Morgana the medium, meanwhile, was not exactly laying her cards on the table.  She was weaving a spell, trying to draw Red into her evil sphere by influencing events and lulling her into a false sense of security with overly-optimistic tarot readings.  Levi had his suspicions about her and asked Red:  how had Morgana’s reclusive girlfriend Lottie died? Was it suicide, as Morgana had insisted, or something more sinister?  Hadn’t Red noticed how Morgana had treated Lottie? What about the heavy, glass ashtray incident?

Mila was worried too.  His cosmic game-plan had backfired a bit.  He had to put it down to, well, inexperience. Aaron was planning to stay in London for a couple of weeks.  Levi and Red met him for brunch at an Italian cafe in Bloomsbury.  They discussed the emotional potential which everyone, including themselves, seemed to squander. They bemoaned the cold, cynical approach to life that most other people had, and wondered why three such attractive, creative and intrinsically good people should be without partners and a degree of success. *Group shrugging of shoulders*. At least they had each other.

Red, the club night, was suddenly doing very well, but that was part of Morgana’s dastardly plot. She had aimed to take Red up, then bring her down, so that she’d be under her evil spell.  She really was a gifted healer and psychic, but an innate bitterness had twisted her and made her abuse her powers.  The renewed success of the club made certain people constantly snipe at Red, especially Danny Dinkins, the overly camp manager of Nancy’s, who was a misogynistic queen of the old school.  Red suddenly found that many other attractive and successful women also seemed to be overtly jealous of her media-profile.  That really pissed her-off:  they were worse than the fucking queens!


Red was twenty eight; she wanted to form a band before it was too late, but no-one took her seriously, apart from Aaron and Levi.  The nearest she’d got to it was by playing her sax along to records in the club while dancing on the dance floor.  The crowd loved it; but in the sometimes-superficial night life world she was seen as a glamour-puss, a larger-than-life caricature of herself – a good-time girl who hid behind her glamourous dress sense and big personality.  Nobody could get close to her because they were generally, or genuinely, in awe of her. She was, in some respects, a troubled being. Her attempts at telling home-truths and enlightening people usually fell on stony ground.  Disillusioned by the image that people had formed of her, she was a charismatic paradox: both cynical and wise, then innocent and trusting. Plus, sometimes she drank too much, and maybe got too high, then became slightly overbearing, her frustrations and fears gushing-out in a stream of unconscious angst.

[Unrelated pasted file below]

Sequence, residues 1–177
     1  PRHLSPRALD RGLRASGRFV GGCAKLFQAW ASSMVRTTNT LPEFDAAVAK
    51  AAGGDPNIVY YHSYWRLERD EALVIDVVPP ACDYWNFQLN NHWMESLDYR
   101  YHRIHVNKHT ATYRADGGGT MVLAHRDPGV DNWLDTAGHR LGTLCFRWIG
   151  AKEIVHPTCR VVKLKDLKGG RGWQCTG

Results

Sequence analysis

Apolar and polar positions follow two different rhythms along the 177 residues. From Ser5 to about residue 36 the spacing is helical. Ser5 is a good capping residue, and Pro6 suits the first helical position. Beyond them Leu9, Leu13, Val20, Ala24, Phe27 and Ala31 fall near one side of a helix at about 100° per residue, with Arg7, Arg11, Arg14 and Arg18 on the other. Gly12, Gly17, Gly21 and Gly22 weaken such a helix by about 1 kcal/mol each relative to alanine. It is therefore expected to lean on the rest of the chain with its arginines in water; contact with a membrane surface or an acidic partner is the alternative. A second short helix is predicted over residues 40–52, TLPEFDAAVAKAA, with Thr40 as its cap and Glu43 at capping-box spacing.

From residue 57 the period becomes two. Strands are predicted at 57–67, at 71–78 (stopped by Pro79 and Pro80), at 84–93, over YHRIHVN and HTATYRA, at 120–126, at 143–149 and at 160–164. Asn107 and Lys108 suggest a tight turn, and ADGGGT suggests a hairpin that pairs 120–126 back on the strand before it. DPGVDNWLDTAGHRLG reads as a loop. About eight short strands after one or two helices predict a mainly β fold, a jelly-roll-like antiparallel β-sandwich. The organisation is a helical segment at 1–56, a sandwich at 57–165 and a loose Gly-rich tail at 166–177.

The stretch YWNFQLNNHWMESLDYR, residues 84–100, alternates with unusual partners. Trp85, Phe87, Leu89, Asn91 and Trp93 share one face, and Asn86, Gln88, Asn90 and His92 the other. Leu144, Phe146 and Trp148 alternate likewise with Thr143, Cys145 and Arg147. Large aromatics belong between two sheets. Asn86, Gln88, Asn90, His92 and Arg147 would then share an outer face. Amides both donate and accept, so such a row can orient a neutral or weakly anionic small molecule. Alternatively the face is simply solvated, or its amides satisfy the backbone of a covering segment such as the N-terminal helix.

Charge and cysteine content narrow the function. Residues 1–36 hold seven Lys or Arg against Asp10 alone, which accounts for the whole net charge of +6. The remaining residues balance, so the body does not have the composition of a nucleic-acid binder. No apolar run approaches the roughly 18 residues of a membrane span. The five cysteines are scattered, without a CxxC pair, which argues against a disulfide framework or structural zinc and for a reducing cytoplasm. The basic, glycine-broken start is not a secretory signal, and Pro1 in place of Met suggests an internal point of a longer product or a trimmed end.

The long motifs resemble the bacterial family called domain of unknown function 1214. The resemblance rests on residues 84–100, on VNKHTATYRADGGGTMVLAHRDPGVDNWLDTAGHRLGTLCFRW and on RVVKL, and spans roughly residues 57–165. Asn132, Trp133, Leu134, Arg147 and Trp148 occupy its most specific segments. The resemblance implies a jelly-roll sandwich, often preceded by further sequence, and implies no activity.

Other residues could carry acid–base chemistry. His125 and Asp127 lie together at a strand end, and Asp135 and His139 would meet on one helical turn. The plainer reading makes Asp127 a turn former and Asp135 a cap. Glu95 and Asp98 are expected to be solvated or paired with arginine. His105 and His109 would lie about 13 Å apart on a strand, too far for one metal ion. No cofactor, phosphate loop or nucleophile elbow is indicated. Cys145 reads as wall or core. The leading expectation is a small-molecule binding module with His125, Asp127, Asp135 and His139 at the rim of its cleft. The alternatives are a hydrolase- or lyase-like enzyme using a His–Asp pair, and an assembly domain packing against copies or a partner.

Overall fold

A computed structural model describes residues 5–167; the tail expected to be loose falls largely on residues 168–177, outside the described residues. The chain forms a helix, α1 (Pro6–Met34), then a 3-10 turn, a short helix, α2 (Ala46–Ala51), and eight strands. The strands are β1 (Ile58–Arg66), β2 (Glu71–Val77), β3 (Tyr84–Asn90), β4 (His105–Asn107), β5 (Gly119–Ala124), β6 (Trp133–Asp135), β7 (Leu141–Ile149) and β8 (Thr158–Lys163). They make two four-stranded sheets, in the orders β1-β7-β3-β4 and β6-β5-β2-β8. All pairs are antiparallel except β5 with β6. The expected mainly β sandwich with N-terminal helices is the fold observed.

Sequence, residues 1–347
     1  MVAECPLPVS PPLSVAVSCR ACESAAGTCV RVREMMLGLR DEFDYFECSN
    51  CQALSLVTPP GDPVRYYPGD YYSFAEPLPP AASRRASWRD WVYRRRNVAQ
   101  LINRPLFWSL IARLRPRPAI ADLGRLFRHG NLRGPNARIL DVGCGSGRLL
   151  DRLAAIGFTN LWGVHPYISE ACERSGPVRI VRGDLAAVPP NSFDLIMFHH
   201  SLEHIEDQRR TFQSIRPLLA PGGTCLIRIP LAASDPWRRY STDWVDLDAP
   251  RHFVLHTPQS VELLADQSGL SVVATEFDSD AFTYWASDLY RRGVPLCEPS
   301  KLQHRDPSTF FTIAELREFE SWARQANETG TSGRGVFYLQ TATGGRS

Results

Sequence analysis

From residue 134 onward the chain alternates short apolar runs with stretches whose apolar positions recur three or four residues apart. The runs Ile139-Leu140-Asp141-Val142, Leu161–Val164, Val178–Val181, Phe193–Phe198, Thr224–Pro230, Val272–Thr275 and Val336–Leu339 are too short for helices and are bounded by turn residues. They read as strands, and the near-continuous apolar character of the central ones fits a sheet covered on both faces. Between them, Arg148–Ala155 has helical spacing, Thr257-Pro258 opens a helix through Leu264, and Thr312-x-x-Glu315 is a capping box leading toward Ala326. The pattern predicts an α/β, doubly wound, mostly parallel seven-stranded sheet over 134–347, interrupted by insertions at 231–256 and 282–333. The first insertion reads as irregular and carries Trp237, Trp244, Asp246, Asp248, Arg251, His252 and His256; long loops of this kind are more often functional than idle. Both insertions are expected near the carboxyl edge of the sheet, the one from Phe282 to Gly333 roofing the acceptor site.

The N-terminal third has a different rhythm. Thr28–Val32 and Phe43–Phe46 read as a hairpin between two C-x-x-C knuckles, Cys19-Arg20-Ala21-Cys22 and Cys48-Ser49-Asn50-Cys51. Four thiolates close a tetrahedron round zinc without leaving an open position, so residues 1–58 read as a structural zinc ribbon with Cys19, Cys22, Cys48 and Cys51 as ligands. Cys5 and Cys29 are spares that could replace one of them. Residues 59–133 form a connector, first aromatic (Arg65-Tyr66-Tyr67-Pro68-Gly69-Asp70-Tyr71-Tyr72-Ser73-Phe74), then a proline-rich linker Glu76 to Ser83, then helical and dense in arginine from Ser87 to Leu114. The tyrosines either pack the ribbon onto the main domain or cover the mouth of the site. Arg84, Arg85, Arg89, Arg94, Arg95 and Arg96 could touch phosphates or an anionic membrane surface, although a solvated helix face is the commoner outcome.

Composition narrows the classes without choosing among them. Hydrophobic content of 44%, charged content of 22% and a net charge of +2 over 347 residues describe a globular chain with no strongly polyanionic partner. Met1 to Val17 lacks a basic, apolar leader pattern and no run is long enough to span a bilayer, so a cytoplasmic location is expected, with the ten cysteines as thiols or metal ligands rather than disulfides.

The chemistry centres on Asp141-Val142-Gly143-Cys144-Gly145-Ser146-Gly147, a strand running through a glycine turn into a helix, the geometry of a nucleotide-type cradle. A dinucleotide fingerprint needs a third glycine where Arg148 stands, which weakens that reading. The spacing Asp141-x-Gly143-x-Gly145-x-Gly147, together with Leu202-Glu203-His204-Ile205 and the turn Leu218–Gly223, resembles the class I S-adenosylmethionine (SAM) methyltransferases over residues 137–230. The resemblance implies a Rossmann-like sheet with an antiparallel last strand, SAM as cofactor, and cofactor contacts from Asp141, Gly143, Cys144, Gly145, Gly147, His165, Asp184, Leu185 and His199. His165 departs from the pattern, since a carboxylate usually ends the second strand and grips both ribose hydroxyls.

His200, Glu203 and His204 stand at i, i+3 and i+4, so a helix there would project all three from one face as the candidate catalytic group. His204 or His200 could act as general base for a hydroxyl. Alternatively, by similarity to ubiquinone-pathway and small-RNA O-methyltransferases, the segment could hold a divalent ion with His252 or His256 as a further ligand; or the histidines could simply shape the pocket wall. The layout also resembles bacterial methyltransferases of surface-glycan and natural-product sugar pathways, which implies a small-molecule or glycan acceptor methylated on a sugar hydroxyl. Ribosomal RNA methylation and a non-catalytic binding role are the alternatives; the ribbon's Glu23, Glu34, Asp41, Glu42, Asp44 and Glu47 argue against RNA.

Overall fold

Levi and Aaron were her real friends; only they could understand her inner strength and her aspirations.  Couldn’t people see that the fact that she drove a red, sixties Cadillac convertible with fake, zebra skin-covered seats was simply an ironic, post-modern joke and a quasi, self-promotional laugh?  Regardless, she  certainly relished playing the role of the white-trash, sex goddess.

Aaron had plenty of money. His grandmother had left him a small fortune, but he was enigmatic about about his wealth and certainly didn’t splash it around (much to Red’s dismay).  In the early summer of ‘87, he decided to move back to London, rented-out his New York loft  apartment and bought a classic, Victorian, five-bedroomed house with a patio leading onto one of those beautiful, magical, secret communal gardens, in Notting Hill. Levi had a rudimentary understanding of keyboards and percussion, so he and Aaron spent many happy hours fiddling about with Aaron’s equipment (he wished!) and getting stoned with Thai sticks or Moroccan hash, whilst jamming musically and learning to feed-off each other’s  intuitive creativity.

Levi started to develop real poetic, lyrical and percussion skills under Aaron’s sensitive and enthusiastic (it’s always easier when you’re in love with someone) tutelage, and recently they had started to write a funky rap tune.  Aaron was too sensitive to push his mild obsession with Levi, and Levi certainly wasn’t about to surrender to a physical attraction that was anathema to his male conditioning, despite the obvious bond between them.  One night,  Red showed-up with her sax.  ‘What do you think of these words Miss Beveridge?’ Asked Levi.  ‘Hit it maestro!’  Aaron pressed the space bar on his Atari computer and Levi talked over the track in his smokey voice.

‘To the people who are cold and the people who are hard, I know myself, I show my cards, but it’s so hard to unwind sometimes, seems like not only love is blind.’ ‘Tell me about it. Yeah’  Said Red, punching the air,  putting the mouthpiece on her sax.